Regulation 4(2) provides that an employer shall take all reasonable steps, in keeping with the need to protect the health and safety of workers, to ensure that the limit specified in regulation 4(1) is complied with.
It had been assumed by many that the two sections were linked, giving a defence to employers if they took reasonable steps to comply with the 48-hour limit. However, Mr Justice Gage has held that this is not the case. The right not to work more than 48 hours is a mandatory employment law provision and is to be implied into workers' employment contracts. The NACODS workers had the right to refuse to work again until their average hours dropped below 48 a week. That right could be enforced in the High Court. Regulation 4(2) is separate, and deals with health and safety, enforceable by the Health and Safety Executive in the criminal courts.
In considering his judgment, Mr Justice Gage took into account the objective of the Working Time Regulations, which is to provide for the health and safety of employees.
In stating that the two parts of regulation 4 are separate and distinct, Mr Justice Gage has held that the clear and precise terms of the 48-hour week provision are mandatory and not subject to the "reasonable steps" qualification. If no opt-out of regulation 4(1) is obtained, employees have the absolute right, through their employment contracts, not to work longer than 48 hours a week averaged over the referral period (usually 17 weeks, although there are exceptions, and in particular it may have benefited the employer in this case to agree consecutive 17-week periods rather than a rolling 17-week average period). Employers must additionally take reasonable steps to restrict employees' working hours to ensure their health and safety.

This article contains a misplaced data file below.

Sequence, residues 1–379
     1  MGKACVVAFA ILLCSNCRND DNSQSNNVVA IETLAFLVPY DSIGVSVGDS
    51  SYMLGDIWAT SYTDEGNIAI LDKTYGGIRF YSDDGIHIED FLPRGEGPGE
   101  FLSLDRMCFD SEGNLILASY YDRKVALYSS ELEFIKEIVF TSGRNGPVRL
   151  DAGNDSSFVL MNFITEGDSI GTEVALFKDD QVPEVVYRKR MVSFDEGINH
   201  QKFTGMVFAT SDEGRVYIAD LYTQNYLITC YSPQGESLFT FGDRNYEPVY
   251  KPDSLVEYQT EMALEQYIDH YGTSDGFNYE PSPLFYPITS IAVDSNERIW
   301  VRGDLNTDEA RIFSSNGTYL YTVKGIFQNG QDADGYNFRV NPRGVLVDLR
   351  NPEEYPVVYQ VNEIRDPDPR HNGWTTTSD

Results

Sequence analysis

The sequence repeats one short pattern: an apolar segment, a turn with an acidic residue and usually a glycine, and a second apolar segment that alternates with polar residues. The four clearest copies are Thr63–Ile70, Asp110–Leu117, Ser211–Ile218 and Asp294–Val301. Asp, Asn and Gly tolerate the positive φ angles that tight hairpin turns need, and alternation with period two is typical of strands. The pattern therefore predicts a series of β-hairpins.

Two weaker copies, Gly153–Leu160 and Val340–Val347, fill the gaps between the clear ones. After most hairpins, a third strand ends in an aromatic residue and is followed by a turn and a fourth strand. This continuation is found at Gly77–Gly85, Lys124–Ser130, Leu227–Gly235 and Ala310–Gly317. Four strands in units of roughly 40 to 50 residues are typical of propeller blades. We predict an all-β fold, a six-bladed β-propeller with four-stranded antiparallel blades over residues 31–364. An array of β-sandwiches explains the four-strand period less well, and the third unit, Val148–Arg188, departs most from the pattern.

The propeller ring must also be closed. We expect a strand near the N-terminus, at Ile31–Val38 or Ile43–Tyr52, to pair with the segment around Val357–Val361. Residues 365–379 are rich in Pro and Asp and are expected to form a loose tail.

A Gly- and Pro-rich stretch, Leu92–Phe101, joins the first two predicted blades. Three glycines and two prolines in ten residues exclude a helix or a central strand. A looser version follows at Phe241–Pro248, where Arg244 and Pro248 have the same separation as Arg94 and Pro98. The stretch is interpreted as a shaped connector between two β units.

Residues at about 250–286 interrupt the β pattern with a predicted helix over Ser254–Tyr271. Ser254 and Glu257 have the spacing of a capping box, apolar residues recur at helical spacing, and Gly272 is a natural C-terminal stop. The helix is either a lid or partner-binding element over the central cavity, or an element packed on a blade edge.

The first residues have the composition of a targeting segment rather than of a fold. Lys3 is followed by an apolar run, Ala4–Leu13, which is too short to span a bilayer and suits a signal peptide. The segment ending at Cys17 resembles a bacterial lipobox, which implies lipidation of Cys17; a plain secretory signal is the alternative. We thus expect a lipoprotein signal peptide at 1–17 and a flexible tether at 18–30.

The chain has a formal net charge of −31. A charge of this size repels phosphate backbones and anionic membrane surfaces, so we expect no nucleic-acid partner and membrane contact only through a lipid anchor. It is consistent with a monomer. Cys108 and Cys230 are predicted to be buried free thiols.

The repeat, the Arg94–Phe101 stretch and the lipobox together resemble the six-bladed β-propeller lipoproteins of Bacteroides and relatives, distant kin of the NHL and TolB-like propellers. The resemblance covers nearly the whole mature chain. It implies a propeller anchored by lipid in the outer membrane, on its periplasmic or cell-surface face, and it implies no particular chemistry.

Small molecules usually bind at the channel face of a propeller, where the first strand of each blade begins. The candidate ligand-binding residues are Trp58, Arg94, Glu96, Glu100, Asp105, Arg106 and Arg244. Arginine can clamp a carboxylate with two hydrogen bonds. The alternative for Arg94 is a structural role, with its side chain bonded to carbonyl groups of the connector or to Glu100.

- Employees have the right not to work more than 48 hours a week
- Employers have a separate duty to restrict employees’ hours for health and safety reasons
A grey area now lies if employees do opt out. Regulation 4(2) seems to apply only to the limit specified in regulation 4(1). If no limit applies, because of the opt out, this appears to remove the employer's duty to ensure working hours are restricted. However, whether or not an opt out is in force, employers have an obligation to record hours worked by their employees.
The duty on employers under regulation 4(2) is qualified by the requirement to take all reasonable steps. Case law, generally from personal injury claims, has determined that such a duty is one of strict liability. In court, it is up to the employer to show that all reasonable steps have been taken in the particular circumstances. Unfortunately, when prosecutions take place, those circumstances have usually resulted in an accident in which individuals have been injured or even killed.
In future, if a health and safety incident does take place, the HSE will probably look at the working time records to see if working hours could lie at the root. If excessive hours have been worked, this is likely to be used in evidence in the related prosecution, even if a breach of the Working Time Regulations is not cited.
Brian Gegg is a senior associate at Masons specialising in employment law. Co-author Helen Walker is a solicitor at Masons specialising in health and safety.